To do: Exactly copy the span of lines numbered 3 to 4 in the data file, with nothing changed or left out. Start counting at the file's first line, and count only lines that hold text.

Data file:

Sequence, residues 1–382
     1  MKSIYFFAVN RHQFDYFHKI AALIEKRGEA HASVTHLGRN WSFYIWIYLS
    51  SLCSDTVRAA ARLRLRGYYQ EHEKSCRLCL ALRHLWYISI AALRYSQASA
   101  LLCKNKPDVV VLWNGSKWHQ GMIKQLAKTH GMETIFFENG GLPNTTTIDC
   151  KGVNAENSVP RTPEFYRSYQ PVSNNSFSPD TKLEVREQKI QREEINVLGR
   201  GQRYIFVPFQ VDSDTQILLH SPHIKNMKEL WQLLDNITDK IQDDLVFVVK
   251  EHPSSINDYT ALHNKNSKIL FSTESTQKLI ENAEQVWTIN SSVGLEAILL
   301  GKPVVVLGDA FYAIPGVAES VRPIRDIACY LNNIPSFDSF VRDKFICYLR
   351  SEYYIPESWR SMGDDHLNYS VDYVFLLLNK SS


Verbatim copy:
    51  SLCSDTVRAA ARLRLRGYYQ EHEKSCRLCL ALRHLWYISI AALRYSQASA
   101  LLCKNKPDVV VLWNGSKWHQ GMIKQLAKTH GMETIFFENG GLPNTTTIDC